Thursday, August 6, 2009

The joys and horrors of understanding exponential function

Not worried enough yet? Brace yourself for the lecture "Arithmetic, Population and Energy" by Dr. Albert A. Bartlett. He starts out by claiming that "The greatest shortcoming of the human race is our inability to understand exponential function", and after heard him prattle on, you will agree.
I normally have a problem with those who, for environmental causes, ridicule the idea of continued economical growth. A society without growth, I feel, is a society where the only way for an individual to improve his or her lot is to take something from someone else. So there has to be some kind of growth or society will disintegrate completely.
After listening to Bartlett, however, it does seem as if "no economic growth" is pretty much around the corner anyway. So it's time to prepare oneself.


Jaysen said...

Wow. Thanks for pointing this out. I had always suspected that even a modest constant growth rate was unsustainable over time, but never expected to be able to prove it that conclusively.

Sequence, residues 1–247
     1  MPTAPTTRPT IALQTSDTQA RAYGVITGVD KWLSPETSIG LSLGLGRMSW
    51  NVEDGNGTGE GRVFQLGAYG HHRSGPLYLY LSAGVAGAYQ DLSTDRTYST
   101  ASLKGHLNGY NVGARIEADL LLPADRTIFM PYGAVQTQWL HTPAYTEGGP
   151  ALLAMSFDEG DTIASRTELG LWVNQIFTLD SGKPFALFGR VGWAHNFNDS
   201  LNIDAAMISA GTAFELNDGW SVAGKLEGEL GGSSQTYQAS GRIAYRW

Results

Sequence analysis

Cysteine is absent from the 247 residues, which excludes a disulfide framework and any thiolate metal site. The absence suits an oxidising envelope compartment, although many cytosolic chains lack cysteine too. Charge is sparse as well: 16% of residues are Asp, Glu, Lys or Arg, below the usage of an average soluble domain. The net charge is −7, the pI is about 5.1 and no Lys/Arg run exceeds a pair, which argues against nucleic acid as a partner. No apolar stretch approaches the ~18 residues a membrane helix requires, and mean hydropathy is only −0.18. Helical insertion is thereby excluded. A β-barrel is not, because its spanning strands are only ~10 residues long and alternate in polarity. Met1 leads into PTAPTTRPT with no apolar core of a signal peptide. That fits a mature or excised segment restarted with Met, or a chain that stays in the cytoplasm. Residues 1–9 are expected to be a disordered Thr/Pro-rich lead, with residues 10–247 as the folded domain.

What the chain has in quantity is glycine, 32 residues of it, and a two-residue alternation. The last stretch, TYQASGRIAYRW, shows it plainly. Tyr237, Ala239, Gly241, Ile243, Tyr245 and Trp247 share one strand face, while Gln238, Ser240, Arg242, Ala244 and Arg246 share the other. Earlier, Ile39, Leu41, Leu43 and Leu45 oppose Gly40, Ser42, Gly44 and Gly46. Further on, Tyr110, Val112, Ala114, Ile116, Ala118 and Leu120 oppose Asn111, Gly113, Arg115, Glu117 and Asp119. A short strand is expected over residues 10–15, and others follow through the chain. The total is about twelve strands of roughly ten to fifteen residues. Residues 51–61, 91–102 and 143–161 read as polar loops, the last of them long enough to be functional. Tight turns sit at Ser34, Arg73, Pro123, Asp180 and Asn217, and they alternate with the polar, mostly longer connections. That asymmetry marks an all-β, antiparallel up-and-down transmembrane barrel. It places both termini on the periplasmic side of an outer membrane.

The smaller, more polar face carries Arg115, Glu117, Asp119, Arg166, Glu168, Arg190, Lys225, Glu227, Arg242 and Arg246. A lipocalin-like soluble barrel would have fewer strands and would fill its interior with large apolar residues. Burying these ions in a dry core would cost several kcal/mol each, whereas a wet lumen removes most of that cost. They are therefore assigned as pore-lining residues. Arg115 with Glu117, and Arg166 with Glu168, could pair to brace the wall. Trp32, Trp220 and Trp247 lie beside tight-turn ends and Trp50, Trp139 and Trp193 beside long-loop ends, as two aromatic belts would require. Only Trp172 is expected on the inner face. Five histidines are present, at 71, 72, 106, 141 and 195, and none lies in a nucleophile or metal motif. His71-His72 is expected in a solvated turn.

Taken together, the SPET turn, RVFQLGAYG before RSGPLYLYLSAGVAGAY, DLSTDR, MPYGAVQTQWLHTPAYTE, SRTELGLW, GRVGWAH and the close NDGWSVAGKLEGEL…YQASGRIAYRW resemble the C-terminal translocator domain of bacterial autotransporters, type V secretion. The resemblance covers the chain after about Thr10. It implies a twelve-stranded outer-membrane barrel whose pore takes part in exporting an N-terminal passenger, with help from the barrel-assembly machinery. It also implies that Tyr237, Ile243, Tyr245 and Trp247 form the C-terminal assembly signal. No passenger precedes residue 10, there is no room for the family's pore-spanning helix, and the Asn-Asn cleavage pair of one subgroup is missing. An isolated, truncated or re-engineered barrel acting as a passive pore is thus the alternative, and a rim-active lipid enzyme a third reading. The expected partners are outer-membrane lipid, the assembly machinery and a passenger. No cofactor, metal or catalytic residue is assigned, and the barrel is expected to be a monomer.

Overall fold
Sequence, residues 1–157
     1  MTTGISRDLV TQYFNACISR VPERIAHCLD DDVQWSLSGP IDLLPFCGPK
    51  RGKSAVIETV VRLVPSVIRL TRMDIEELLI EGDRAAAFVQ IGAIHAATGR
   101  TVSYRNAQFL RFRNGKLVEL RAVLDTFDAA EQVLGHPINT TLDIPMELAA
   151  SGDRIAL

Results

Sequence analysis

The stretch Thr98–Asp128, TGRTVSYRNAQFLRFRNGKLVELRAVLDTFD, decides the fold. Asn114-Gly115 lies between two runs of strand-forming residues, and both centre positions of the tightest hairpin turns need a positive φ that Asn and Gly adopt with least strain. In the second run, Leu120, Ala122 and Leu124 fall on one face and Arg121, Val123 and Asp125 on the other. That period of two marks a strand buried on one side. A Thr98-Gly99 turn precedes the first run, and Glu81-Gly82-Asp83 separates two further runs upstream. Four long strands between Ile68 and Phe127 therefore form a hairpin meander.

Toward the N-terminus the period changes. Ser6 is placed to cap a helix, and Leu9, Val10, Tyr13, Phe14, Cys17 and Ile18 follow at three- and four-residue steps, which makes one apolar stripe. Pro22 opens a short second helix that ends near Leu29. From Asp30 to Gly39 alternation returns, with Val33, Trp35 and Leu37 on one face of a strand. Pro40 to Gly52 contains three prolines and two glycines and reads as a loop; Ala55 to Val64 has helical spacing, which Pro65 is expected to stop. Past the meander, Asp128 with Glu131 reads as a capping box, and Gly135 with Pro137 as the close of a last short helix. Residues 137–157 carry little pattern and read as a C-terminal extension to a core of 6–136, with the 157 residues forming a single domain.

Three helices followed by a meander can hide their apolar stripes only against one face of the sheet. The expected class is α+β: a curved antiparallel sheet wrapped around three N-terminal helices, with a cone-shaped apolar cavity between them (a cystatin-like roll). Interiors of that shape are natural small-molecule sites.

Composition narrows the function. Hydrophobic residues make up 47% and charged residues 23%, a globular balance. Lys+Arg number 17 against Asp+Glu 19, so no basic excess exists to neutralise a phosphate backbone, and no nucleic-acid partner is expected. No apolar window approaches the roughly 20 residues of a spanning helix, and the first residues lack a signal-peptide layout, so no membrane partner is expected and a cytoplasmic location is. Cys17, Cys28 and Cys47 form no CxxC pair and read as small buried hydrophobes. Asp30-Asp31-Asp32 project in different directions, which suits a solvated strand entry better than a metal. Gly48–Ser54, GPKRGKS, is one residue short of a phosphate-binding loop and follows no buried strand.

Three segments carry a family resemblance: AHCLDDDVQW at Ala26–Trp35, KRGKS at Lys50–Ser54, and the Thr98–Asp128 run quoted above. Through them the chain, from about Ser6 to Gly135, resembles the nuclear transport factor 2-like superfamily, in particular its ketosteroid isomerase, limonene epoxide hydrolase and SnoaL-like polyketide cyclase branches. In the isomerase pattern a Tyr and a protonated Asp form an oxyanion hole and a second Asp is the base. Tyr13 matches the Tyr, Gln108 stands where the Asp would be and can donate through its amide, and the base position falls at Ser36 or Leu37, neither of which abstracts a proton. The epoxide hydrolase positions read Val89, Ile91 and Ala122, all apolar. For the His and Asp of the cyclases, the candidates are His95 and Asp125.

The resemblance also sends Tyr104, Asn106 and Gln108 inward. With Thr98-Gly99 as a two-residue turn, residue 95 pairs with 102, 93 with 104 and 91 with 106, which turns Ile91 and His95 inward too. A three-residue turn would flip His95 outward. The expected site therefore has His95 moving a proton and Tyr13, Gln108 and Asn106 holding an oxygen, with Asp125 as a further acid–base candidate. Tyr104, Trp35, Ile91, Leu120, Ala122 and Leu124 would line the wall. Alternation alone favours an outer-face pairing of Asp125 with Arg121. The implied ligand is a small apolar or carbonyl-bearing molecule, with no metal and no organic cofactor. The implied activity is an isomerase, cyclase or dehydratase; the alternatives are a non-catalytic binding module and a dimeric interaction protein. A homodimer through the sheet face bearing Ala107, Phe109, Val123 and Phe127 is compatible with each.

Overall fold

BTW thanks for posting your experiences. While I am never likely to live as independently as you, I have been giving some thought to further reducing my dependance on outside supply. Your real world examples have help keep me moving.

Northmark said...

Thanks! An interesting effect of trying to live independently is realizing how completely dependent one is on others. I feel less independent than ever, because I imagine I now have a better grasp of the immensity of the system we are now so completely at the mercy of.
I quite like the idea of "Transition Towns" which seems to address the question of growth and sustainability, while retaining, and even enforcing, concepts of democracy.